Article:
December is national fruitcake month.
Depending completely on your personal opinion, my childhood was either blessed or deprived. Why? Because, to my knowledge, I never tasted fruitcake.
This fact doesn’t disappoint me. Cursory research says that fruitcake was originally created to last for a full 365 days. A baked good that lasts more than a month is a little freaky. What do they put in that stuff?
So here is my version of a fruitcake with bananas, cranberries, oatmeal, and (of course) nut butter. I figure that any loaf with fruit in it can be called “fruitcake,” right?
Unlike real fruitcake, this bread will only last for about a week in the fridge (if you manage not to eat the whole loaf at once).
Makes 1 loaf, about 10 slices
- 3 overripe bananas
- 1 egg
- 2 cups oatmeal
- 1.2 oz (about 3.5 tablespoons) Gingerbread Cookie Blended Nut Butter
- 1 teaspoon baking soda
- 1/2 teaspoon cinnamon
- 1/2 teaspoon ground ginger
- 1/4 teaspoon nutmeg
- 1 cup fresh cranberries, chopped
- Preheat oven to 350 degrees Fahrenheit. Grease a 8X4 inch bread pan with nonstick spray.
- In a blender, combine bananas, egg, oatmeal, nut butter, and baking soda. Blend until smooth.
- Stir in spices.
- Fold in chopped cranberries.
- Pour into greased baking pan. Top with sliced bananas, if desired.
- Bake for 20-25 minutes until an inserted toothpick comes out clean.
- Let cool completely.
- Slice and top with anything you would like! Butter, jam, more nutbutter, etc.
- Eat and enjoy!
From January to April, I was a student teacher at a local elementary school.
In my last month of student teaching, I made a list of the many reasons that I was eager to finish:
- I will have time to blog again.
- I will have time for photography again.
- I will have time to run again.
- I will have time to bake again.
- I will have more time. Period.
Want to know what I ate on my fifth birthday?
Now that I have my diploma in hand, I have a confession.
This is Katy Bunny, the loyal rabbit that I stuffed at Build-A-Bear Workshop when I was 5 years old.
If you do not know what someone wants for Christmas, get them food.
This seems to be the general consensus of most Americans, and I believe that it usually works well. As a teacher, my mom received piles of cookies, cakes, and treats from her students, and my family never complained about this multitude of desserts.
One of our favorites, chocolate covered pretzels, is the inspiration for today’s recipe.
- 1 cup water
- 1/2 teaspoon vanilla
- 1/2 cup oatmeal
- 1/2 banana, mashed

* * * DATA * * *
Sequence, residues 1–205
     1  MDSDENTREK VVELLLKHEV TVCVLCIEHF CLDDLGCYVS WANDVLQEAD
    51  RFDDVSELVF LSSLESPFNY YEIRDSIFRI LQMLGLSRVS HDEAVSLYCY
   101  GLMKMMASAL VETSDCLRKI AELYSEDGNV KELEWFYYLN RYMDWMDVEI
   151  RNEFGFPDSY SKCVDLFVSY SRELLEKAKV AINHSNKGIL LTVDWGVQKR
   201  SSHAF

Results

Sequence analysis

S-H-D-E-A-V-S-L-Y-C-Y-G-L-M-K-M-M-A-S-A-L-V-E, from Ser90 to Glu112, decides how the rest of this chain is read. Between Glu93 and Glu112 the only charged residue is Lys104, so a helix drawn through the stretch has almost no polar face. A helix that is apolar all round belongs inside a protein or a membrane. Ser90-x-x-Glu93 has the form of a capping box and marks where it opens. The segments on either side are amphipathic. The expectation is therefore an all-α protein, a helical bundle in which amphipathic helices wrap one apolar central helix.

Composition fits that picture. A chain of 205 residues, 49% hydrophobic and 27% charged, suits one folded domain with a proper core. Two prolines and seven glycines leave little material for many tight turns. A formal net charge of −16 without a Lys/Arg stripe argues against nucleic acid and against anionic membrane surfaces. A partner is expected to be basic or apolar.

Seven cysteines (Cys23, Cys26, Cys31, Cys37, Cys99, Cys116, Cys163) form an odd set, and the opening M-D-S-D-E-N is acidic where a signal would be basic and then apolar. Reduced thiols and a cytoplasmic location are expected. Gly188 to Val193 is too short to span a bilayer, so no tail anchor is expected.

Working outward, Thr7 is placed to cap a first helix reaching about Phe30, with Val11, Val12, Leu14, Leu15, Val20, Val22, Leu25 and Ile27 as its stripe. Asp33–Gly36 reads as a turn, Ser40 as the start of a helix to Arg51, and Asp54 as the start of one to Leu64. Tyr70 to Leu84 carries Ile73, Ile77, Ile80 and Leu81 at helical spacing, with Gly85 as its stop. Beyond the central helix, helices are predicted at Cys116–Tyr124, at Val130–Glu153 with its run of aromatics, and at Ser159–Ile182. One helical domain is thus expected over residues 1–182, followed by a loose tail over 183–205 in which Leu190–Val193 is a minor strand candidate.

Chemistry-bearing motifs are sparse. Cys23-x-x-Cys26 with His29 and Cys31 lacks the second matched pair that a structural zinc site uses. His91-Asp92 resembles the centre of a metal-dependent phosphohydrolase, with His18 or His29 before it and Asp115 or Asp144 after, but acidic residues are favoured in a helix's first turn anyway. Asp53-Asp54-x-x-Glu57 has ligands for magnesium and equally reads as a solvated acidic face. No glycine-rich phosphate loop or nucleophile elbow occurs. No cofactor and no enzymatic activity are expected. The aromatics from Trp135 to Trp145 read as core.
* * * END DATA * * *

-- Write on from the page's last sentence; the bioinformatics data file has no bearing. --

- 1 tsp. cocoa powder
- sweetener to taste
- handful of pretzels
- In a small saucepan, bring water and vanilla to a boil.
- Stir in oatmeal and banana. Return to a boil and stir in cocoa powder and sweetener.
- Reduce heat to medium. Cook until you are pleased with the consistency (probably around five minutes).
- Transfer to a bowl. Stir in pretzels.
- Eat immediately (no one wants soggy pretzels!).
As an education major, some of our required assignments are nothing more than gathering materials to use in our classrooms. In the present age, a list of web-based games is considered a necessary material. Here are ten of my favorite games that I have found this year.
- Analogies – Students must determine which word correctly completes the analogies. Words will only appear twice, so they need to think quickly!
- Guess the Homonym –
Sum Some students have a hard thyme time trying too two to determine the write right homophone or distinguish between homonyms. This game can help.
- Food Chain Game – As students learn about all the components of a biome’s food web, this game can help them review and practice putting producers, consumers, and decomposers in order.
- Photosynthesis Respiration Game – This game leads students step-by-step through the process of human cell respiration and plant cell photosynthesis. Students must truly understand both concepts to successfully play the game.
- America on the Move – Perhaps the greatest evidence of our world’s advances is in the realm of transportation. America on the Move provides three different games that help children learn about the history of transportation.
- Fruit Shoot Fractions – This game, reminiscent of Fruit Ninja, requires students to “shoot” the answer to a fraction addition problem. Because there are many levels, students of many different grades can play the game.
- Pre-Algebra Addition Shootout – Children who love soccer will enjoy choosing their goalkeeper, jersey color, an skill level before solving a variety of simple algebraic equations.
- Arthur’s Lunch-o-Matic – This tray needs some Vitamin A! Students must choose the food that fits the cafeteria worker’s description. The game will help children learn the benefits of eating a variety of foods.
- Blast Off! – Children’s bodies are just like rocket ships–they need fuel! In this game, students fill their plate with a wide variety of foods to get enough fuel for an active day.